Charlie

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The yellow moon towered far above the trees by the time Charlie stumbled up to the steps of his apartment. He leaned against the railing, fingers fumbling around in his pockets for the keys. He fell against the door, and tried to shove the key into the lock, but it had shrunk to the size of a pinhole, and his fingers were numb and useless. “Aw f***,” Charlie mumbled, slamming his hand against the railing. The key went flying over the side. Charlie slid down onto the concrete landing. His shirt and skin were sticky with spilled beer, his nostrils and lungs clogged with the feverish stench of alcohol. His breath was hot and uncomfortable in his mouth. He moved his teeth around; trying to evade the stale feeling that stuck to his gums, ran along the edges of his tongue. Charlie turned on his knees and peered through the rods of the railing, his hands sticking to the black paint. “Where are you?” he cooed and fell over laughing. Charlie sat up, rubbing at his eyes.“ Aw hell, whatsit matter,” he smiled as he thought of the evening. He had met the most beautiful girl, such soft, sweet skin; he couldn’t keep his hands off her. She hadn’t minded, just sat a little straighter on the bar stool. Charlie tried to remember what he had said to her, “Anyone tell you you’ve got the sweetest skin?” Or maybe it was, about how good she smelled, really fresh and flowery. Charlie’s thoughts were distant; vibrating in the back of his head. “What was her name?” he tried to mumble, but it only came out half way, lodged in the back of his throat. “Aw hell, such a sweet girl,” he was speaking louder now; the words coming out in globs of sweat and spit. A rush of blood flooded Charlie’s head, he had forgotten to get her name, but then he remembered he had her number tucked safely inside his jacket pocket, sandwiched between his lighter and ID.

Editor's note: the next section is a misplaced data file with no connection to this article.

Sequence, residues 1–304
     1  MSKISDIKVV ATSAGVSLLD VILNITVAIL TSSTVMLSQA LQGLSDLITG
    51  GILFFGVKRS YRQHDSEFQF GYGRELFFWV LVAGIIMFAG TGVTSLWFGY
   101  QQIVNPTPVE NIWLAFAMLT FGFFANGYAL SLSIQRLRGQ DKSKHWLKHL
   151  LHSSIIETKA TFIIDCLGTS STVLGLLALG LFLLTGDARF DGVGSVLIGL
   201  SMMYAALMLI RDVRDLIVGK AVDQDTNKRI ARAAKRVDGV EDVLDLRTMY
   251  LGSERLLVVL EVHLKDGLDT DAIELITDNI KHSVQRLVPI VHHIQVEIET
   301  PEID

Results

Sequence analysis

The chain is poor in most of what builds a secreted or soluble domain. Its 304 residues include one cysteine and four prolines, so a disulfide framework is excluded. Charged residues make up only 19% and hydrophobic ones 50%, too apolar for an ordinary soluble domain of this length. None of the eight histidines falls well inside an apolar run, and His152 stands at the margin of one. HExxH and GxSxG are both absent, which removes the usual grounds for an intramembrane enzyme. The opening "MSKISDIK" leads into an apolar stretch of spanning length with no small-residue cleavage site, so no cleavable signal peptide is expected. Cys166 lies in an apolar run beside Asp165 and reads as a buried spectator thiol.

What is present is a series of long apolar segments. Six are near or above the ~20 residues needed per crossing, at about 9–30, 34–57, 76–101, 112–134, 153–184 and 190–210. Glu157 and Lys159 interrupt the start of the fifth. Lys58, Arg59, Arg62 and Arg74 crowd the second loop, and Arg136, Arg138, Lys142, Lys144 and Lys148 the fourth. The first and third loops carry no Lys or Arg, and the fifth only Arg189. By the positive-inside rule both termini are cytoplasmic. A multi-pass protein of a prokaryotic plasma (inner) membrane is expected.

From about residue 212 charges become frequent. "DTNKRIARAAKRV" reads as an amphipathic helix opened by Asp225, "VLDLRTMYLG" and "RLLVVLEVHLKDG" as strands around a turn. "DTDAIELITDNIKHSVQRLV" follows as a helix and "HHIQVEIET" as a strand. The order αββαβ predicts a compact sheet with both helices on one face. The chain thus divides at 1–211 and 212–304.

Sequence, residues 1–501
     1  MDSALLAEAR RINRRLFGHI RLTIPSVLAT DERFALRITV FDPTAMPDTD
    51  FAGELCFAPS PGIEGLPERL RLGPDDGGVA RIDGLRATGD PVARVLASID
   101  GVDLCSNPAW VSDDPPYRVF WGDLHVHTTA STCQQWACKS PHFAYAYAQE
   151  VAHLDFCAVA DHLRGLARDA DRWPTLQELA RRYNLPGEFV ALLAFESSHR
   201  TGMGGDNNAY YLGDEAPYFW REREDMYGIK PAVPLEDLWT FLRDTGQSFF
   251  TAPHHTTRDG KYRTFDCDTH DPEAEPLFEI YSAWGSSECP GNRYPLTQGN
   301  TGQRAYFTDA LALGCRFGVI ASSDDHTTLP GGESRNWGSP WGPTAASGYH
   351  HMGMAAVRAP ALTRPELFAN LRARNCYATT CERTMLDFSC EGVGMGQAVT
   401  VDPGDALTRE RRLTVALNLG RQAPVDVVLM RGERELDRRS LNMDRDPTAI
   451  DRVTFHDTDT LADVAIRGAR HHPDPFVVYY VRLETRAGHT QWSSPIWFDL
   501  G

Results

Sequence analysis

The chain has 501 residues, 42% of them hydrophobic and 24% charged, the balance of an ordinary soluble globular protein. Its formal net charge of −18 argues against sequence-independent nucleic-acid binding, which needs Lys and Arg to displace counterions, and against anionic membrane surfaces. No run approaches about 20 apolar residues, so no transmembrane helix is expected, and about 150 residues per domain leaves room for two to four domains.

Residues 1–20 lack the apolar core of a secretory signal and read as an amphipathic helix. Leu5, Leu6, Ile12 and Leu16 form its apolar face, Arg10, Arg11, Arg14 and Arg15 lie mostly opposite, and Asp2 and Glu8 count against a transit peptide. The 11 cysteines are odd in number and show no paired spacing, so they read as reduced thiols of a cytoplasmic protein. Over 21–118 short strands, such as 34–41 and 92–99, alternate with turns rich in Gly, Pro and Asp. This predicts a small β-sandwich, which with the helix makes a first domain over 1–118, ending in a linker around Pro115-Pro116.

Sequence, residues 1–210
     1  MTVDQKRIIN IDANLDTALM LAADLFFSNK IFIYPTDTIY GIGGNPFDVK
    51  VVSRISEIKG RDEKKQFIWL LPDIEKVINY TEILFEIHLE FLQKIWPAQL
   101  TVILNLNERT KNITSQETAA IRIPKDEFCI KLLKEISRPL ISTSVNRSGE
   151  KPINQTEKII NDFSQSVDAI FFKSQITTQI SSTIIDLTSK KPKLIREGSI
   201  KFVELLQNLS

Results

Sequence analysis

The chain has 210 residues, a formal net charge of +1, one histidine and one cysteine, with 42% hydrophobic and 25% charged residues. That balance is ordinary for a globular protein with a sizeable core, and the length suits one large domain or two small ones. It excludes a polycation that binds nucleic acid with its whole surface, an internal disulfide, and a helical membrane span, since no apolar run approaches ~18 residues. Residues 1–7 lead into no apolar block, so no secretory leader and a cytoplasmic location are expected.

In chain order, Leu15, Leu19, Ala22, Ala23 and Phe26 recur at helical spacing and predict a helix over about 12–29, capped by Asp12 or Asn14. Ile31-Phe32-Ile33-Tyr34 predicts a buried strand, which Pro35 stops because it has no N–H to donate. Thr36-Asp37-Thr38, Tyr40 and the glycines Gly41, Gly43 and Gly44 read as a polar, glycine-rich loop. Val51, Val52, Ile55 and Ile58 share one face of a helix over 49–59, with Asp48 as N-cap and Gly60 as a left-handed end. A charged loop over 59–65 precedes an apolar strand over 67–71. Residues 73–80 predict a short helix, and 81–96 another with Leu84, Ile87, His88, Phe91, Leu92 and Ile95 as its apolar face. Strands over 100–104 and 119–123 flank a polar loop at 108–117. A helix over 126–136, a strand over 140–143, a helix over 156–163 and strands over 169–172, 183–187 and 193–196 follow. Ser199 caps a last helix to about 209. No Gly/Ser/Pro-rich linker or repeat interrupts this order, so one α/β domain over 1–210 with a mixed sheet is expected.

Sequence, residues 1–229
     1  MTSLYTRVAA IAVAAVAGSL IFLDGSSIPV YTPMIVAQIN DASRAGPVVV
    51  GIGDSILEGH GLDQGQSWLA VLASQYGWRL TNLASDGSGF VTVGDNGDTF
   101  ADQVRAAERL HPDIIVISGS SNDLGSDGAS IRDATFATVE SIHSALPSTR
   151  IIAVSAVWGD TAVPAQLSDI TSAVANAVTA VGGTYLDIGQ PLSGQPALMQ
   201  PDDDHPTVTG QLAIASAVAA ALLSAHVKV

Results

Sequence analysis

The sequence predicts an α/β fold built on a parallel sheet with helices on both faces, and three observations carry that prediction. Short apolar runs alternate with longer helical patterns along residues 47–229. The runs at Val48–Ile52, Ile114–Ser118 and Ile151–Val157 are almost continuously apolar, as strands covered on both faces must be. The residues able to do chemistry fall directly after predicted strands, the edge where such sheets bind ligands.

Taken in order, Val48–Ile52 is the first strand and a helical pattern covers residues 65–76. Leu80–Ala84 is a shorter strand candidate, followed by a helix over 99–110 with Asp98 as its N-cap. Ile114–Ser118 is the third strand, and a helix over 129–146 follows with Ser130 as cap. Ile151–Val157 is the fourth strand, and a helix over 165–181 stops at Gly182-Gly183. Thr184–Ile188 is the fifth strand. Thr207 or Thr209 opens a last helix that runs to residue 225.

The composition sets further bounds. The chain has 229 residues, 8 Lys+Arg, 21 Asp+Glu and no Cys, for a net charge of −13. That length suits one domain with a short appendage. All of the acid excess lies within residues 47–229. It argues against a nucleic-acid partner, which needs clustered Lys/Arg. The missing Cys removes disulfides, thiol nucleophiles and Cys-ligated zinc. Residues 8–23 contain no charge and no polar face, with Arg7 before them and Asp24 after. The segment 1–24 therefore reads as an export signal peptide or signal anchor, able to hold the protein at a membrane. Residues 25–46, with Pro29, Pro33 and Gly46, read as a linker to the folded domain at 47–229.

A group of four, maybe five guys walked in down the street, their arms wrapped around those waists girls have for just a few fleeting years. Before they start getting jobs and giving birth. He straightened and gave a salute to his brethren. They shrugged their shoulders and lowered their heads. Charlie frowned, clicking his teeth, and waiting for them to turn the corner. “To hell with ya,” he yelled cupping his hand around his ear and listening to the “ya” echo down the street. He smiled and let out another laugh, “To hell with allovya,” he yelled it to the sky. Charlie turned his head, peering at the darkened glass of the apartment buildings front door. He bared his teeth, revealing fleshy, pink gums, and then stopped and frowned. He pulled at his beard, brushing snaggled, gray hairs from his fingers. He reached to the back of his head, gingerly touching the oily smooth spot that had recently begun to spread. His hand darted into his pocket, digging into the corners for the slip of paper. Frantically, he crawled to the foot of the stairs. “Whersh the paper?” he sputtered. His tongue felt thick and heavy. He searched and crawled until he was directly beneath the streetlight. “Whadshe do with it?” he shouted at the ground. Charlie stopped, crouched on all fours beneath the beam of light. “Nothing,” he laughed, “not one god damn useless thing.” He stumbled to his feet, stood, so that the streetlight illuminated him, casting his shadow down the street. Charlie tilted his head up to the moon, “You ain’t nothing Charlie,” he whispered. He remained staring at the moon for a few moments then walked slowly back to his stoop. He walked a straighter line, each step placed with a somber determination. When he reached the landing, Charlie’s hands gave a final lunge into his jacket pockets, nothing. With a sigh, Charlie leaned against the railing to wait till morning.





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